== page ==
DOUSE THE DISPUTE
Only a water-efficient cropping regime combined with the regeneration of forest cover can provide a lasting solution to the Cauvery imbroglio
THERE IS nothing unnatural about the Cauvery conflict. Any river that runs through different political boundaries is bound to have regions and people fighting over the resource. What is unnatural is the factors that have rendered the water-sharing agreements between Karnataka and Tamil Nadu—the two main stakeholders in the dispute—dysfunctional since they were first drafted in 1872.
This September, the conflict once again dominated the news after Karnataka refused to release water to Tamil Nadu, the downstream state. Karnataka says it cannot share water when the Cauvery reservoirs are barely able to satisfy the drinking water needs of the state. By refusing to share water, it flouted the Cauvery Water Dispute Tribunal ( cwdt) award of 2007 that mandated a proportionate reduction in each state’s share in rain-deficit years.
This year the two states received deficit rainfall, especially around the source of the river. Tamil Nadu promptly took the matter to the Supreme Court. It maintains that its farmers growing the winter crop of paddy, or samba, are totally dependent on the Cauvery water.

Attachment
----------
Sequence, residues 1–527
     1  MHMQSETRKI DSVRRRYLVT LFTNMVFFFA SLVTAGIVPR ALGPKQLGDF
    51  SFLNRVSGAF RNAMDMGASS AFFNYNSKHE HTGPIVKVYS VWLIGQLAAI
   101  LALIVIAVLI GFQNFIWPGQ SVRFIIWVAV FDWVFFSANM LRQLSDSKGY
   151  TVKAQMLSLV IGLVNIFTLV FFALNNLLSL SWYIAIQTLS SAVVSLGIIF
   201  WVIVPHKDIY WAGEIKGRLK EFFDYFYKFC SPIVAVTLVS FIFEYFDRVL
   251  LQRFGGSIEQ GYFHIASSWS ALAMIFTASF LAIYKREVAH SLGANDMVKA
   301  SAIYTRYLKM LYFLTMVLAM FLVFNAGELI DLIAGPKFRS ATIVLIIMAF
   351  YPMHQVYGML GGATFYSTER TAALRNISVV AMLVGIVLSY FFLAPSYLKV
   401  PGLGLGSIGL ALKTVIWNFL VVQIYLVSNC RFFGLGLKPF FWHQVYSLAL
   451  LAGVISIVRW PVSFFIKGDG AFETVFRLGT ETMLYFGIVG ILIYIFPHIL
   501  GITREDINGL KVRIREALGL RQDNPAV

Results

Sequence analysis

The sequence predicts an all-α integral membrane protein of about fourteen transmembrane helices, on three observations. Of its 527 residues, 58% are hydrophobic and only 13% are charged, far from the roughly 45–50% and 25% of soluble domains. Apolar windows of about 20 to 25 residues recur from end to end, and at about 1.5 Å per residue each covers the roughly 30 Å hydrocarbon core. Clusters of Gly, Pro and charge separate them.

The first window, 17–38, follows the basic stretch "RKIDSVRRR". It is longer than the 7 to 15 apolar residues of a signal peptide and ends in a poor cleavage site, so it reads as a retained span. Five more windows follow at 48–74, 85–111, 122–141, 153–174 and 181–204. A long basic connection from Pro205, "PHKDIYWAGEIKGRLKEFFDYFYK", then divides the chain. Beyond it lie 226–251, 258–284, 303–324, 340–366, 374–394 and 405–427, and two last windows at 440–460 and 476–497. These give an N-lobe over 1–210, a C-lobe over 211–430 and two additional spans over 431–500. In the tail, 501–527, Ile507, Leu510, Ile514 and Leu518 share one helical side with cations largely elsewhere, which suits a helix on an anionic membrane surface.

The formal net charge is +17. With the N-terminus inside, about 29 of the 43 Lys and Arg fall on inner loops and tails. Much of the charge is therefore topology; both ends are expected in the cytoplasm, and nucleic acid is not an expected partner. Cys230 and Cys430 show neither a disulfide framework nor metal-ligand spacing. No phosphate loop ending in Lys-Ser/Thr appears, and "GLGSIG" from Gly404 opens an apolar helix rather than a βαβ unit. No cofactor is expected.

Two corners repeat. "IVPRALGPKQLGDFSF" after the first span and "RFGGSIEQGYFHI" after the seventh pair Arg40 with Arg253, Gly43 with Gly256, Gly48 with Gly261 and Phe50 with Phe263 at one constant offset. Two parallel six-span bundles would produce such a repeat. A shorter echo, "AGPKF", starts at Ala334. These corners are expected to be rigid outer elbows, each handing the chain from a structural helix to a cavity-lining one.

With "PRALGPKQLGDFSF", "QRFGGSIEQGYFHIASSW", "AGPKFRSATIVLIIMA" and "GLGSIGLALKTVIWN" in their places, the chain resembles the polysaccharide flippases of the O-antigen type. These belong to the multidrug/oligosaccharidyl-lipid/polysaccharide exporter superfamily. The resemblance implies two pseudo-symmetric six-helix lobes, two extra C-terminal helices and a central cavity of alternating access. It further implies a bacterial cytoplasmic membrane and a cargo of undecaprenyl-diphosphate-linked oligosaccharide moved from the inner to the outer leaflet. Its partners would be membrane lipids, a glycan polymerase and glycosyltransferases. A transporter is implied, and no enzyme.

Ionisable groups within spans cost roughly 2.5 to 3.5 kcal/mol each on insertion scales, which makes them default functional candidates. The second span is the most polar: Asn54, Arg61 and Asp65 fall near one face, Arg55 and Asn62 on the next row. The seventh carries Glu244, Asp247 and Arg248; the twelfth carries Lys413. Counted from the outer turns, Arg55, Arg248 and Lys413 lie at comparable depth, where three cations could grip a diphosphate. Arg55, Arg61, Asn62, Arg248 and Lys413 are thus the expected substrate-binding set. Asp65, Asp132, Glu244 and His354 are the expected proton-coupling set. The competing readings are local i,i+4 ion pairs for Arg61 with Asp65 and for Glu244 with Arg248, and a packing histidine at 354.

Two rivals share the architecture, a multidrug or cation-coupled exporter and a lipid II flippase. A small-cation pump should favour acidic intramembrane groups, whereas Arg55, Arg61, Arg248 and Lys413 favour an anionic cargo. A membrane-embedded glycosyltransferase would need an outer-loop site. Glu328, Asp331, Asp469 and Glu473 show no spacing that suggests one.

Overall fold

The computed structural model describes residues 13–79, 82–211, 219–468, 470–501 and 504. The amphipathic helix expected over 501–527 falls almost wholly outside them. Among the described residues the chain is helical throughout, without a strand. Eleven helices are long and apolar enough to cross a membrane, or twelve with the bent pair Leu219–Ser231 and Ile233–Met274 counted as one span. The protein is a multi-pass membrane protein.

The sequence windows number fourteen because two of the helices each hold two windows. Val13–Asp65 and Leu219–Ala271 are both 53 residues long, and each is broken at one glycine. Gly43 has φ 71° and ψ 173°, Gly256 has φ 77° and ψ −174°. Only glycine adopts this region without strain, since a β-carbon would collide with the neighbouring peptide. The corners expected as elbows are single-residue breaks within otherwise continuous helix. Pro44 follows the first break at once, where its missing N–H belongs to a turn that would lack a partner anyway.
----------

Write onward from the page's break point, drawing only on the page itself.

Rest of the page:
The apex court has made stopgap allocations through three rulings in September. The first was on September 5, which ordered a daily release of 10,000 cubic feet per second (cusecs) to Tamil Nadu for 10 days. The order resulted in violent demonstrations in Karnataka. The clashes led to the death of two persons in Bengaluru. Curfew was imposed in several parts of the city. Both the states observed bandhs, bringing life to a standstill. The last order on September 20, which stipulates a daily release of 6,000 cusecs till the end of the month, was also rejected by Karnataka. On September 23, both the Houses of the Karnataka legislature passed a unanimous resolution not to release any water. On September 24, Tamil Nadu released water in the Cauvery delta from the Grand Anicut dam to ensure that the samba crop does not fail.
But the conflict, clearly, is far from over.
R A M U K A R D N YE T A S